Alan Greenspan blames financial regulation and the increase in the deficit as the reasons behind the timid recovery.Sound familiar? It’s what every corporate executive who shows up on CNBC says.
Greenspan argues in the Financial Times that the Dodd-Frank legislation, with all its complexity, is going to stymie business decision-making and, therefore, growth.
It is going to take years to address the unprecedented complexity of final rule making required in the massive Dodd-Frank bill. The inevitable uncertainty engendered will inhibit financial innovation and intermediation, and render the rules that will govern a future financial marketplace disturbingly conjectural. This is bound to have a significant impact on economic growth.
The size of the U.S. deficit is actually having a quantifiable impact on business investment as well, according to Greenspan.
Fixed capital investment as a share of cash flow over the past four decades has been significantly (negatively) correlated with the ratio of the federal deficit to GDP, with the deficit ratio leading the fixed investment share by nine months.* This would imply that the federal deficit as a percentage of GDP since September 2008 (cyclically adjusted to remove the effect of a weaker economy), accounted for as much as a third of the $325bn shortfall in business capital investment since early 2009.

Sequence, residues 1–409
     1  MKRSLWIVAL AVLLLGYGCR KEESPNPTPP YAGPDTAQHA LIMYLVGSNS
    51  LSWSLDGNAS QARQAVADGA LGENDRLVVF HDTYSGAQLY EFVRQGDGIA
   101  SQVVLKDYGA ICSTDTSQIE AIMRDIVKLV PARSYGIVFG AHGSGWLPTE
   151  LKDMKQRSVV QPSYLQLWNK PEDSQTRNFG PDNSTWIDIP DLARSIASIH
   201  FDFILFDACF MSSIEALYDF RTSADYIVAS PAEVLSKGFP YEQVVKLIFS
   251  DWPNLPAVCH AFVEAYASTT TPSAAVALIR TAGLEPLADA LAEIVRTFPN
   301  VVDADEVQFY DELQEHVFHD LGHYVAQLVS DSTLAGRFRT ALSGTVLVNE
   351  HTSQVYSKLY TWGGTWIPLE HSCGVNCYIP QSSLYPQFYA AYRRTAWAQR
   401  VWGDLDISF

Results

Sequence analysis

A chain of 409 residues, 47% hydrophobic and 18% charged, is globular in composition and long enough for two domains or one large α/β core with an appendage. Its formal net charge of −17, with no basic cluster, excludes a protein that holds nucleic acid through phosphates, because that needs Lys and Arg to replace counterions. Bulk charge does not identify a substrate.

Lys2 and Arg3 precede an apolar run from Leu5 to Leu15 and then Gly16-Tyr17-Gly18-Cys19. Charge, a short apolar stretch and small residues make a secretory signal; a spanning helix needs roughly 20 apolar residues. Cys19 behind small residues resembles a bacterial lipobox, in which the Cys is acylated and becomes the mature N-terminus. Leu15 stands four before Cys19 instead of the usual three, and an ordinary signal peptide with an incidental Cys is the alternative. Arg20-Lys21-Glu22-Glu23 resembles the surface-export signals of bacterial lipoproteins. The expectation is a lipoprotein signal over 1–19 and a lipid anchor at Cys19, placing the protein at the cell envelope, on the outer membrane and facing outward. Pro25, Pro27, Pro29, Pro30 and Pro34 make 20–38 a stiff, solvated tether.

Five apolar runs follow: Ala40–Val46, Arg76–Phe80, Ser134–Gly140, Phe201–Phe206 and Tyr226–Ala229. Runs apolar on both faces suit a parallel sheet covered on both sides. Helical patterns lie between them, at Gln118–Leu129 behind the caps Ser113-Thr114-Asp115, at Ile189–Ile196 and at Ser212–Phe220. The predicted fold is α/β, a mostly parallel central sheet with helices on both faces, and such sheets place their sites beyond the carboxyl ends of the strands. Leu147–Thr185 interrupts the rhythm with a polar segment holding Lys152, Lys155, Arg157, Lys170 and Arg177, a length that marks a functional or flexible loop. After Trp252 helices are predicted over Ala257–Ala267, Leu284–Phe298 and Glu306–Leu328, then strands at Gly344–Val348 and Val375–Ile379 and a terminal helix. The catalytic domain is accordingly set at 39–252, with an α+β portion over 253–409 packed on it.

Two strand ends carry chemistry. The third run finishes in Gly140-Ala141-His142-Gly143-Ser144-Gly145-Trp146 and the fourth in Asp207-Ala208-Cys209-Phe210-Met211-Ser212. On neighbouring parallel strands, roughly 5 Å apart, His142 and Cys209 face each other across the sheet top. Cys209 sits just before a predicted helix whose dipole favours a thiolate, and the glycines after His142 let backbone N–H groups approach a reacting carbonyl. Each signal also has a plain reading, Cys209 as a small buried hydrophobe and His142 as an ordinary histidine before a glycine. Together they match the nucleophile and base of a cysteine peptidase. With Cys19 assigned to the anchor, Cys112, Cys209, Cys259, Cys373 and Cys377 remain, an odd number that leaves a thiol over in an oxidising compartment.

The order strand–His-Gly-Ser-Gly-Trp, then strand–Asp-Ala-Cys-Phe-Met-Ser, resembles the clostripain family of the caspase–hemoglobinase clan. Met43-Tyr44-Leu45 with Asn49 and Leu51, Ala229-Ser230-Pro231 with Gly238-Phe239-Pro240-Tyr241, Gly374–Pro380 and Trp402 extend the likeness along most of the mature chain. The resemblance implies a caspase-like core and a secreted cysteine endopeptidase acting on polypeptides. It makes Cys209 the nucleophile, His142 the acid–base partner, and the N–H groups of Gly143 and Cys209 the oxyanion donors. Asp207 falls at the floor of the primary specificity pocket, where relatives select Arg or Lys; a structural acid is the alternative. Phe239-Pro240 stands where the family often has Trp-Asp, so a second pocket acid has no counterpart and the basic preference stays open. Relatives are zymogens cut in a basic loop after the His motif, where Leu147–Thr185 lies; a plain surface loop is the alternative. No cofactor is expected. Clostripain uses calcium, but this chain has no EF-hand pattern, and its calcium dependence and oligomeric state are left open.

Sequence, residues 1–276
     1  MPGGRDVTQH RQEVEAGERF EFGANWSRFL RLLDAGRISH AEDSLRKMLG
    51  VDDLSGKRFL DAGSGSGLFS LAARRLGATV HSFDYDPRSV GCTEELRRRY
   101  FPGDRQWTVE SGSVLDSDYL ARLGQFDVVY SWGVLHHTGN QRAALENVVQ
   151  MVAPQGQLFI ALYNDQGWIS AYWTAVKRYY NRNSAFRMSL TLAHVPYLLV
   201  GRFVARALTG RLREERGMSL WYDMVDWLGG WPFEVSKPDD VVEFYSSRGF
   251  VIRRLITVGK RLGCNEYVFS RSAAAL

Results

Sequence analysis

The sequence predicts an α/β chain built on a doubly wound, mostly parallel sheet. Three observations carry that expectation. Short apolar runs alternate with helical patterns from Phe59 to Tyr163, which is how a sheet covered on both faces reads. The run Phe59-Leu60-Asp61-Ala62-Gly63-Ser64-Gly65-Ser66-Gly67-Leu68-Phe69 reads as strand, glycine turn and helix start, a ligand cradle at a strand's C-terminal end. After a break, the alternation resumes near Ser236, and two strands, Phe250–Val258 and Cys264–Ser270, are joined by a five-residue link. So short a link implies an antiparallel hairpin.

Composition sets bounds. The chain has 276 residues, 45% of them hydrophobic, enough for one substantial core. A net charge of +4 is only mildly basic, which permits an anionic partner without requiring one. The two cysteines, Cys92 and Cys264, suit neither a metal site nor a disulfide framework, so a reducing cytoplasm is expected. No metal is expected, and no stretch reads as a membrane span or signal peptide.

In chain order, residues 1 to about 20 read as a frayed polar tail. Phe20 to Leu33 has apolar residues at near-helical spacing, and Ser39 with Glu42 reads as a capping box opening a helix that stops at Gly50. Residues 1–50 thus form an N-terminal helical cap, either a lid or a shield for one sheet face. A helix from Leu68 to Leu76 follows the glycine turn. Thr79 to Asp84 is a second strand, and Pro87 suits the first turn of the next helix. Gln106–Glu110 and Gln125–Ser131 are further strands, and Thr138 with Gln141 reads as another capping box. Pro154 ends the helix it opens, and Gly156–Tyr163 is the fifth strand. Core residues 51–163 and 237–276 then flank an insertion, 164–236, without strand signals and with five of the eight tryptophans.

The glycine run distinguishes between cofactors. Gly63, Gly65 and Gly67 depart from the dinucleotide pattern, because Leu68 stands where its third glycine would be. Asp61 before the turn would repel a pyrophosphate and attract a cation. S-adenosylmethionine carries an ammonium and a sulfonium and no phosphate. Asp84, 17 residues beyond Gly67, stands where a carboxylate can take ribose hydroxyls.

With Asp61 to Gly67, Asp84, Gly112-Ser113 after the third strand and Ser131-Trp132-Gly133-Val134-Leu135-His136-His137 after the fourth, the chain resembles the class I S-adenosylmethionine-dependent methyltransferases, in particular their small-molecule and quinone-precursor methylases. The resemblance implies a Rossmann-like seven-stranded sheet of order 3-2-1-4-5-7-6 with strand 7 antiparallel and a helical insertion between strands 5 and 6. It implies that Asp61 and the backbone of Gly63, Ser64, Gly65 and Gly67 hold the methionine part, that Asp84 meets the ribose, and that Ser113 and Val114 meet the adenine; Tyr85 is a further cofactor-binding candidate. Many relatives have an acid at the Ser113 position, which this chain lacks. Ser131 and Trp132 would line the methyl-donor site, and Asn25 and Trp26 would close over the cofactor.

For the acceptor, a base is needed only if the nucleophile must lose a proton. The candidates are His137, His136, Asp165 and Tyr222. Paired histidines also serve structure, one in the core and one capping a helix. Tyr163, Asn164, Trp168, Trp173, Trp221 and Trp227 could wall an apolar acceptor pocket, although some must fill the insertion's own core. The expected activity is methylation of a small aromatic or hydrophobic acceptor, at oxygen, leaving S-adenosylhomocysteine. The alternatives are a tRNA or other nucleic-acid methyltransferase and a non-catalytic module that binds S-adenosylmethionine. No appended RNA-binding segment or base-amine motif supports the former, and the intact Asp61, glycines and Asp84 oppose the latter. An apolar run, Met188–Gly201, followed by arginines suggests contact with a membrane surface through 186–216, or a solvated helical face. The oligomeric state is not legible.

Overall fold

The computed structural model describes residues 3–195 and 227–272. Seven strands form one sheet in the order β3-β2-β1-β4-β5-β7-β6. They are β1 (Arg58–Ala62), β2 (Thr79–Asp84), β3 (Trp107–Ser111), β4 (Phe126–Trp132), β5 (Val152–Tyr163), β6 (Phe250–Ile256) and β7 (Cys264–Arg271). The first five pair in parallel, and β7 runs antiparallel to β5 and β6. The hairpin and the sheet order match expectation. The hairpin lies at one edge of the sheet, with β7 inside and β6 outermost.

Of course, Greenspan is under-emphasising the impact of consumer deleveraging (he notes this early on, but it doesn’t seem to be his main point).
Businesses may not see the need to invest if that don’t see the U.S. consumer intending to buy for several years as they clean up their personal balance sheets. The fear Greenspan mentions might be a fear of debt that will keep consumers off credit and inhibit growth for sometime.